Even so, Roosevelt had to admit, 'There is filth on the floor, and it must be scraped up with the muck-rake.' The term 'muckraker' caught on. It referred to investigative writers who uncovered the dark side of society.
Few places had more 'filth on the floor' than the meat- packing houses of Chicago. Upton Sinclair, a largely unknown fiction writer, became an 'accidental muckraker' when he wrote a novel about the meat-packing industry.
By the early 1900s, four major meat-packing corporations had bought out the many small slaughterhouse companies throughout the United States. Because they were so large, the Armour, Swift, Morris, and National Packing companies could dictate prices to cattle ranchers, feed growers, and consumers.
The Big Four meat-packing companies centralized their operations in a few cities. Largest of all was the meat-packing industry in Chicago. It spread through acres of stockyards, feed lots, slaughterhouses, and meat-processing plants. Together with the nearby housing area where the workers lived, this part of Chicago was known as Packingtown.
Long before Henry Ford adapted it to automobile production, meat packers had developed the first industrial assembly line. It was more accurately a 'disassembly line,' requiring nearly 80 separate jobs from the killing of an animal to processing its meat for sale. 'Killing gangs' held jobs like 'knockers,' 'rippers,' 'leg breakers,' and 'gutters.' The animal carcasses moved continuously on hooks until processed into fresh, smoked, salted, pickled, and canned meats. The organs, bones, fat, and other scraps ended up as lard, soap, and fertilizer. The workers said that the meat-packing companies 'used everything but the squeal.'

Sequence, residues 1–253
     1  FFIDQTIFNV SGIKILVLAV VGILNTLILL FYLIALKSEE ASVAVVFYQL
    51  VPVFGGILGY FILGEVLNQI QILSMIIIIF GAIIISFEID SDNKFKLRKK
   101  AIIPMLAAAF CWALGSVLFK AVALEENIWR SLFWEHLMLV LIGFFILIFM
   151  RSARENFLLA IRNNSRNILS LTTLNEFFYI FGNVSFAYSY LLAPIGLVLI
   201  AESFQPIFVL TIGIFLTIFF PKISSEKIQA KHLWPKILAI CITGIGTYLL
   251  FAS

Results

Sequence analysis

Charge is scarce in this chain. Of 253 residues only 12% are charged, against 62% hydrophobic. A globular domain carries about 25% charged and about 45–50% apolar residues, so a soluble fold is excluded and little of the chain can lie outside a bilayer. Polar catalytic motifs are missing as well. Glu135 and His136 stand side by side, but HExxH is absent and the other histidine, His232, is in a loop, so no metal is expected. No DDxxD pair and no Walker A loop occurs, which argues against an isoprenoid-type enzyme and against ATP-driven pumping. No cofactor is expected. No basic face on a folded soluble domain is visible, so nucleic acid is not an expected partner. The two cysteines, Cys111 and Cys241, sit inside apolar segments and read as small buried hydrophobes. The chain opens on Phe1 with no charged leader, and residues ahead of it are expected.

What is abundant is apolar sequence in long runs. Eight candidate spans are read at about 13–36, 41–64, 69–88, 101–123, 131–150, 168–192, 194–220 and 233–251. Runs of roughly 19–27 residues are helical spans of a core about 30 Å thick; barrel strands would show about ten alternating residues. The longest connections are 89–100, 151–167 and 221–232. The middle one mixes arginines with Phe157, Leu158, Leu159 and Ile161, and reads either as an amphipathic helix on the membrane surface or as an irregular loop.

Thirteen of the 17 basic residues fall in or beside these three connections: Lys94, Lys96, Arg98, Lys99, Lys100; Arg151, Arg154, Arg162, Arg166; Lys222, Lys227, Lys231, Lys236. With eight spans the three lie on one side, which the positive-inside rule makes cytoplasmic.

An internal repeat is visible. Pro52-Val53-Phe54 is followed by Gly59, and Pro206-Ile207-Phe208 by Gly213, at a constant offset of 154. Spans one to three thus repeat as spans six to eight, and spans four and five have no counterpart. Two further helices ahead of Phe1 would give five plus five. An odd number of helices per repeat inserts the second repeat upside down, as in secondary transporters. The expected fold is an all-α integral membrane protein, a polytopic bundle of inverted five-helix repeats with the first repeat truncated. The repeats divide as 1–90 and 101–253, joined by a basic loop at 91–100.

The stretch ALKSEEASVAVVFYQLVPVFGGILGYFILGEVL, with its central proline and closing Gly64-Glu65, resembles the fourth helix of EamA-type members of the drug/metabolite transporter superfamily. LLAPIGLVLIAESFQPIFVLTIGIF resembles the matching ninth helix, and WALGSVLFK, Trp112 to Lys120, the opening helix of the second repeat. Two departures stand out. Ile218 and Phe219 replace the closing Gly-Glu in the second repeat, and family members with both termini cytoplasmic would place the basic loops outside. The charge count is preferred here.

Unskilled immigrant men did the backbreaking and often dangerous work, laboring in dark and unventilated rooms, hot in summer and unheated in winter. Many stood all day on floors covered with blood, meat scraps, and foul water, wielding sledgehammers and knives. Women and children over 14 worked at meat trimming, sausage making, and canning.
Most workers earned just pennies per hour and worked 10 hours per day, six days a week. A few skilled workers, however, made as much as 50 cents an hour as 'pacesetters,' who sped up the assembly line to maximize production. The use of pacesetters caused great discontent among the workers.